Tag:Johnny Cueto
Posted on: March 13, 2011 4:10 pm
 

Astros' Rodriguez sidelined

By C. Trent Rosecrans

Wandy RodriguezAnother day, another injury to a National League Central starter.

Sunday's victim is Astros left-hander Wandy Rodriguez, who was diagnosed with what the team is calling "a mild case of shoulder tendinitis."

Rodriguez has been scratched from his start on Tuesday. He singed a three-year, $34 million contract this offseason, avoiding arbitration. He was 11-12 with a 3.60 ERA last season.

Rodriguez joined Adam Wainwright of the Cardinals, Zack Greinke of the Brewers and Johnny Cueto of the Reds as NL Central starters to miss at least part of the spring with injuries. Wainwright is out for the season, Greinke will miss the beginning of the season, while there's no timetable yet for Cueto or Rodriguez.

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Posted on: March 11, 2011 5:02 pm
Edited on: March 11, 2011 7:10 pm
 

Cueto leaves start with forearm tightness

By Matt Snyder

Right-handed pitcher Johnny Cueto left his Cactus League start early Friday afternoon with tightness in his pitching forearm. He reportedly felt it most on breaking pitches and already had the issue during his bullpen warmup. He ended up working just two innings of a scheduled four, allowing four hits, two runs and a walk. He will see how the forearm reacts after a night's rest and have it checked out first thing Saturday morning. (Cincinnati Enquirer via Twitter )

"It wasn't near his elbow, which is a good sign," Reds trainer Paul Lessard told the Associated Press. "We took him out for precautionary reasons. We didn't want it turn into something. It isn't something that we think needed to be seen right away."

Cueto, 25, is the Reds No. 3 starter behind Edinson Volquez and Bronson Arroyo. He was 12-7 with a 3.64 ERA and 1.28 WHIP last season, striking out 138 hitters in 185 2/3 innings.

"It was a little tightness in his forearm muscle," Reds manager Dusty Baker said to the AP. "That's why we took him out. We have had very few health problems. We knew we'd have something but, knock on wood, we've had very little trouble health-wise."

Stiffness and soreness in spring training are pretty normal, though anything forcing a pitcher to leave a game after just half his expected workload requires some attention.

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Category: MLB
Posted on: February 23, 2011 3:18 pm
Edited on: February 23, 2011 9:40 pm
 

Cards' rival revels in Wainwright's woes?

Jonny Gomes Brandon Phillips started the fire between the Reds and Cardinals last season, Johnny Cueto stoked it and now Jonny Gomes may just have added another log to the fire.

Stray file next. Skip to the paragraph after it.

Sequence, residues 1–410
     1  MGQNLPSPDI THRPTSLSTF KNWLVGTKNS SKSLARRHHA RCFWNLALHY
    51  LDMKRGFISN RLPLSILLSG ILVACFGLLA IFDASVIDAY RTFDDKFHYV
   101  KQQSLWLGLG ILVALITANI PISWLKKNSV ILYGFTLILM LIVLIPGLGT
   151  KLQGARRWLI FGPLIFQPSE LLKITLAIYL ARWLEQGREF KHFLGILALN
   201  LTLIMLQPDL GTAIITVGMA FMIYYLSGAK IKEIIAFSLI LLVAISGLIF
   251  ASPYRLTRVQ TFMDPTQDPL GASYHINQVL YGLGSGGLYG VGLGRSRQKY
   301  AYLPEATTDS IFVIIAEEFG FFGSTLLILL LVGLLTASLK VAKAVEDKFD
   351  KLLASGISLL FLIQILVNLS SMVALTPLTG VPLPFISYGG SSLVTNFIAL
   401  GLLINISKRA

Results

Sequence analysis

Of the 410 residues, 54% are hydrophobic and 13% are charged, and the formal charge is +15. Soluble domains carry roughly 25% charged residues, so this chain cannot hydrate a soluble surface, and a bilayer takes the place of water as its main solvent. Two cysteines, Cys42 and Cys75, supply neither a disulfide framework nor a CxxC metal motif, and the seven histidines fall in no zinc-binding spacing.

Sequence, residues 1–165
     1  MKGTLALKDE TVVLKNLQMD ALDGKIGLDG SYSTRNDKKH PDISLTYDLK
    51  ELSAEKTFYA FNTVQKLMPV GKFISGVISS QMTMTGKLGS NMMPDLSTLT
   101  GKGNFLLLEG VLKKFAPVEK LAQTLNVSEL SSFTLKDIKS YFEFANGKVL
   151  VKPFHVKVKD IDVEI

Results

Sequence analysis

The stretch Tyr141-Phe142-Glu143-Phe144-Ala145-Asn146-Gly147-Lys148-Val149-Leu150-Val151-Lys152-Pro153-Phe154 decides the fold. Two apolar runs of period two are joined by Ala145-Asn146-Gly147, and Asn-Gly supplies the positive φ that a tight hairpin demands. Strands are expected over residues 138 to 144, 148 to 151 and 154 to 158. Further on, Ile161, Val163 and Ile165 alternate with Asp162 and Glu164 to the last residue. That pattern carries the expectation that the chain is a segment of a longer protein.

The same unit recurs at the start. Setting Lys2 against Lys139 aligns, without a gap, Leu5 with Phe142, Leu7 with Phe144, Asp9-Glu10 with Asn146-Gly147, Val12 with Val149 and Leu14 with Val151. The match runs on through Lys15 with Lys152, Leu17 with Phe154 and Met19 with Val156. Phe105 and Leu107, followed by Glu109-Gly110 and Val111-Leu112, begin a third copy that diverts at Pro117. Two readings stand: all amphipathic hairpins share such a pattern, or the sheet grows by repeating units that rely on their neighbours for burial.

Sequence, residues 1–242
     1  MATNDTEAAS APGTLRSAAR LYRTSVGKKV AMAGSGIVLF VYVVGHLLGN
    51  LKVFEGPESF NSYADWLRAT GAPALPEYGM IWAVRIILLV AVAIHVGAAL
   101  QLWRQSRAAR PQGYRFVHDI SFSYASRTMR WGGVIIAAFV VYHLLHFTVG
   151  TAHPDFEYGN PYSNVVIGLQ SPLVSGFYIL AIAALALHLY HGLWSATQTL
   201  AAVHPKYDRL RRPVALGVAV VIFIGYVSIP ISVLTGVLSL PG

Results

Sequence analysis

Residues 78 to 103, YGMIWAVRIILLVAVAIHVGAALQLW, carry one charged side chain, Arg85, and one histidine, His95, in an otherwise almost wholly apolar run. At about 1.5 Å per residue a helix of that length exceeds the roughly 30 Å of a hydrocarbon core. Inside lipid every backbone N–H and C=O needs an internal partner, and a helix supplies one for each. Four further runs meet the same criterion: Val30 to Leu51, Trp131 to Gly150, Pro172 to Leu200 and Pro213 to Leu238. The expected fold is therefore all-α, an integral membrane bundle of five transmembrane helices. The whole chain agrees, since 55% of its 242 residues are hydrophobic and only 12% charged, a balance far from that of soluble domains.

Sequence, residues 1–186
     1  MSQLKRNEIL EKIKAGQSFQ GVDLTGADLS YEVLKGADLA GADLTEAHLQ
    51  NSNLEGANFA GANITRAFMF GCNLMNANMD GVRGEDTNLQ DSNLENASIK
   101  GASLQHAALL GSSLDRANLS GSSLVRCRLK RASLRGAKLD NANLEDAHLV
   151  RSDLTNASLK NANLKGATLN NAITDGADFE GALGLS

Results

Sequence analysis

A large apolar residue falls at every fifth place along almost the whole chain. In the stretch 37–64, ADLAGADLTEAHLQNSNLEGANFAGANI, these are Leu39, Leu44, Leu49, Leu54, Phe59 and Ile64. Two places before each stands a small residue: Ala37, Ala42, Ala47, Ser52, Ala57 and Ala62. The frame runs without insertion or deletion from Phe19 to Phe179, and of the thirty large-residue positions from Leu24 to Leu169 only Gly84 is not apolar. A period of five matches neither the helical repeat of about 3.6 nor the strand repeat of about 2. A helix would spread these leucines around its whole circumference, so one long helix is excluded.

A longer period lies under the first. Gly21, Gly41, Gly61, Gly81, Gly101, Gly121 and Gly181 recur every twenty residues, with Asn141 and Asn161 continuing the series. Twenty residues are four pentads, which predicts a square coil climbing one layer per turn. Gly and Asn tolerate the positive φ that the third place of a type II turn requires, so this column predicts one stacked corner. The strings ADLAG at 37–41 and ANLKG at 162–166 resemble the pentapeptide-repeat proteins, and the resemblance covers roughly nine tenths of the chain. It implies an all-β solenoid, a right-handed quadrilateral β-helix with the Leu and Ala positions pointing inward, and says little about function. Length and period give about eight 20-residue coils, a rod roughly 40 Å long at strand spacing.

The Cardinals are bracing for bad news as Adam Wainwright is headed to St. Louis to have his elbow looked at. Most of the world has already jumped to the conclusion that he's going to have to have Tommy John surgery, missing all of this season.

That word certainly reached Arizona, home of last year's National League Central champions. In a world where injuries aren't celebrated, Gomes wasn't hiding his excitement that the Cardinals may not be as strong as they were a season ago due to the loss of their ace.

"Wainwright's gone, Wainwright's gone, Wainwright's gone," Gomes sang "at the top of his warbly voice" as he entered the Reds' clubhouse on Wednesday morning, Hal McCoy of the Dayton Daily News  writes , adding that the singing was done "joyously." McCoy was the same person who reported Phillips "whiny little bitches" comment last year that led to a brawl. Gomes is 2-for-10 lifetime against Wainright with a homer and a double coming as his two hits.

Reds manager Dusty Baker took the high road, saying, "I hate to see that. He's not only a great pitcher, he seems like a fine young man, too," Baker said, according to MLB.com's Mark Sheldon . "Every time I've seen him, he's been mannerable, polite and respectful."

That said, Baker notes that it makes his rivals weaker.

"Nobody has the depth to overcome [the loss of] a Wainwright," Baker said, according to McCoy. "You can replace him, but in Wainwright and Chris Carpenter, you're talking two of the top six or seven pitchers in the league. … Philadelphia has most of the other ones."

While Baker did take the high road, he also got in a shot at his critics -- "who are they going to blame for that one?"

UPDATE: Well, this is interesting, MLB.com's Mark Sheldon checks in and says Gomes was not singing about Wainwright, and then called and got a further comment from Gomes, who insisted he was not gloating about the pitcher's injury. Sheldon says he was present when Gomes walked into the clubhouse and the outfielder was singing "You're the Best Around" by Joe Esposito from the original Karate Kid, not, as McCoy wrote, an unidentified tune with the lyrics "Wainwright's gone."

"I was doing an interview with [Rob] Dibble and Dibble gave me the breaking news that Wainwright was flying back to St. Louis with arm problems. That's all I heard. I came in and I said 'is Wainwright gone, is Wainwright gone?'

"To clear up everything, I came up with Wainwright. I know Wainwright. I think he's one of the top notch pitchers in the National League and baseball. Outside of different uniforms that we wear and different cities we play in, playing in the Major Leagues, we're all brothers. There's a brotherhood there. There's one thing you would never wish upon any other player and that's an injury. We've all had them at some point coming up and we might currently be having one now.